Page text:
The dilemma of contemporary times however, is that the two come in a package. For all its problems, the tourism industry has also been the vehicle for great amounts of liberation. Despite initial opposition, by the Church and segments of Goa’s elite, tourism was the critical tool that allowed for a widespread destruction of the feudal system in Goa, offering otherwise impoverished tenants the economic options to materially improve their lives. It allowed women and children to escape patriarchal abuse, even as they continue to uphold the standard model of the family. If we have not been able to prevent this material explosion from sliding into the desert of the soul that tourism in Goa now represents, then it is because we have failed our mission. It is a failing of the Church, of the Department of Tourism, and of our society at large, that it has not been able to use this material wealth to allow for a concomitant explosion of the intellectual and sentimental (both being forms of the spiritual) options of those who have been materially liberated.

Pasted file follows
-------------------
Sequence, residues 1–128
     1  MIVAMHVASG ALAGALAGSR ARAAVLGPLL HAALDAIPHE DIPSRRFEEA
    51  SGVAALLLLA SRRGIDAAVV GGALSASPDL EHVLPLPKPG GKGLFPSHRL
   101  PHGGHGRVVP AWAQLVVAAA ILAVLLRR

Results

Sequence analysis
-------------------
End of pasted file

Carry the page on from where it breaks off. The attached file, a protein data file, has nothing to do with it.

There are two images of the Church that I hold particularly dear, the first of the Church as confessor, a spiritual and moral guide; the second, that of the Church as pilgrim. The pilgrim stands as a symbol of one who is cognizant of not holding the entire truth, and simultaneously vulnerable, bereft of power, and yet committed to the journey. We may be well-served by these images when we contemplate the response of the Church to situations that demand a response. As a pilgrim Church, we are not in the position to dictate or command. More so in the context of the rise of an authoritarian power like the Hindu Right. We cannot comprehend the manner in which an act that on the surface appears abominable may bring liberation. As such, the job of the pilgrim confessor is to accompany us, whispering insistently at all times the options before us, actively constructing alternative paths for us to follow. In addition to being unacceptably homophobic, the CSJP in its statement seems to have held out the Goan social structure as based on an unblemished moral and value system. Something it is not, and never ever was. We would benefit more perhaps, if rather than flinging diktats, it accompanied Goan society; insistently, even to our annoyance, being our moral compass, while simultaneously leaving us, as does its image of God the Father, free choice.
(A version was first published in the Gomantak Times 26 Oct 2011)